Attribution theory was first developed by Heider in the 1950's
An attribution is any claim about the cause of someone's behaviour
Heider proposed that humans are natural psychologists - or naive psychologists .
As naive psychologists we intuitively, in our everyday experiences, form impressions of people's personalities on the basis of their actions. These explanations come from two sources:
The person: Internal or dispostional, such as a persons traits. For example we might explain a person's loud behaviour in terms of their extrovert personality
The situation: External or situational factors, such as social norms or luck. For example, we might explain a persons loud behaviour in terms of the noisy environment. Or we might explain getting a good result in terms of having a good teacher (a situational attribution) rather than in terms of a student's ability (which would be a dispositional attribution)
Funadamental Attribution Error (FAE)
Look at the following video interview and what do you make of what the people say.
Kelly's Covariation Theory
Kelly (1967) suggested that attributions can be explained in terms of covariation. Things that covary are things that tend to happen at the same time, such as grey coulds and rain.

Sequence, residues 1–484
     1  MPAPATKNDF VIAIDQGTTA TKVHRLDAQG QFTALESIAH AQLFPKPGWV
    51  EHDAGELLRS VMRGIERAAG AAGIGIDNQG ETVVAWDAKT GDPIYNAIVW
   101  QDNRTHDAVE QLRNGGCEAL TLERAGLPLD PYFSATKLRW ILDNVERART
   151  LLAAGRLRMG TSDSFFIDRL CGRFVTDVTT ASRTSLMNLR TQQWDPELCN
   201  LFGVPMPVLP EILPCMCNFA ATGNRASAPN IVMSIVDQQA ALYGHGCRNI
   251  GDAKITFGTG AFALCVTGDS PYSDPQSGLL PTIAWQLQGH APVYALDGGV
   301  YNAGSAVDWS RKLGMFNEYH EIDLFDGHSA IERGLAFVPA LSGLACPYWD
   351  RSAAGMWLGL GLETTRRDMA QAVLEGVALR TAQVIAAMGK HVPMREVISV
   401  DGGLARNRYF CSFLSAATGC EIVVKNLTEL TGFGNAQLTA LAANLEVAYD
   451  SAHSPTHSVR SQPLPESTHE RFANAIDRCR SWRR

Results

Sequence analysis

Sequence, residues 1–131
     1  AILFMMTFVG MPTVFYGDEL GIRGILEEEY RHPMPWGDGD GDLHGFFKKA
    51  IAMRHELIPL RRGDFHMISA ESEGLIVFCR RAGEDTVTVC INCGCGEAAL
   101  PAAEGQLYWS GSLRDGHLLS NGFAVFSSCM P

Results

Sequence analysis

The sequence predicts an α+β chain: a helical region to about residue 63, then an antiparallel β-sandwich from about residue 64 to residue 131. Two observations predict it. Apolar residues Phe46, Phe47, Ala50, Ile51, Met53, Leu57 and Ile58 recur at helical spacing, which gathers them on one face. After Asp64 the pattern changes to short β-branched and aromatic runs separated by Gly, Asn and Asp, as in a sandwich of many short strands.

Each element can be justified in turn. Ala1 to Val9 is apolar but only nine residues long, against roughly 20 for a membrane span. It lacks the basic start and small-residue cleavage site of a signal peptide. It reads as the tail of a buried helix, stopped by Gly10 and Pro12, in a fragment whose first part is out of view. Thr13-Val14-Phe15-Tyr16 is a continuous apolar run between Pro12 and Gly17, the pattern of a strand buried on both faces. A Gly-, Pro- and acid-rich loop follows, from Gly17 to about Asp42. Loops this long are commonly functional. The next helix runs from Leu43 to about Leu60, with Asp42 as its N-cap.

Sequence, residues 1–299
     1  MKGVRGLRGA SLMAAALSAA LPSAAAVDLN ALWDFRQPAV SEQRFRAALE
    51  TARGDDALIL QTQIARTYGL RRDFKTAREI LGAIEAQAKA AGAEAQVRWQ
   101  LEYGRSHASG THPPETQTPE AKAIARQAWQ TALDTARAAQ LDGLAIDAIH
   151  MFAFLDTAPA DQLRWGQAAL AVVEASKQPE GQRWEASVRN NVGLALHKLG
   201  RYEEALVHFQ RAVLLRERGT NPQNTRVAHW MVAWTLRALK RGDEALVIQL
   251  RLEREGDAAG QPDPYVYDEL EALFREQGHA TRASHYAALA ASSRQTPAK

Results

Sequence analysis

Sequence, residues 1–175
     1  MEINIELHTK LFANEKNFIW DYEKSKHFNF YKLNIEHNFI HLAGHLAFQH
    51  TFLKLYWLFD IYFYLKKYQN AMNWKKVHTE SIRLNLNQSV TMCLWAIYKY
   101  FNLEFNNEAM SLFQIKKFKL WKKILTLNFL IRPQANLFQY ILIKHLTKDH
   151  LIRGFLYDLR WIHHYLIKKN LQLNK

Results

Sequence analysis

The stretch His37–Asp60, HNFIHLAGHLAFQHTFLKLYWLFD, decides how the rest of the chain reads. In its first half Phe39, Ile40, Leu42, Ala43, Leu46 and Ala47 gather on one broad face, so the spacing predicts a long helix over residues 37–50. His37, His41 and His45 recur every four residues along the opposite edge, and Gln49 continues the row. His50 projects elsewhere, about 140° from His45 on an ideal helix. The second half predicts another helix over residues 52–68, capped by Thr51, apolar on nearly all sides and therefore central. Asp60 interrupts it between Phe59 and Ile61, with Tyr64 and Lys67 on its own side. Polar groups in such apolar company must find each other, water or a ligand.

Kelly proposed that attributions are determined by covariace of three factors or axes.
1. Consistency - does this person regularly behave this way in this situation?
Example - John always laughs at a particular comedian (high consistency), or John sometimes finds this comedian funny (low consistency)
2. Distinctiveness - does this person behave this way in many other situations?
Example - John laughs only at this comedian (high distinctiveness), or John laughs at most comedians (low distinctiveness)
3. Consesus - do many other people behave this way in this situations?
Example - Everyone laughs at this comedian (high consensus), or only some people find this comedian funny (low consensus)
Internal (dispositional) attributions occur when:
1. Consistency = High
2. Distinctiveness = Low
3. Consensus = Low
External (situational) attributions occur when: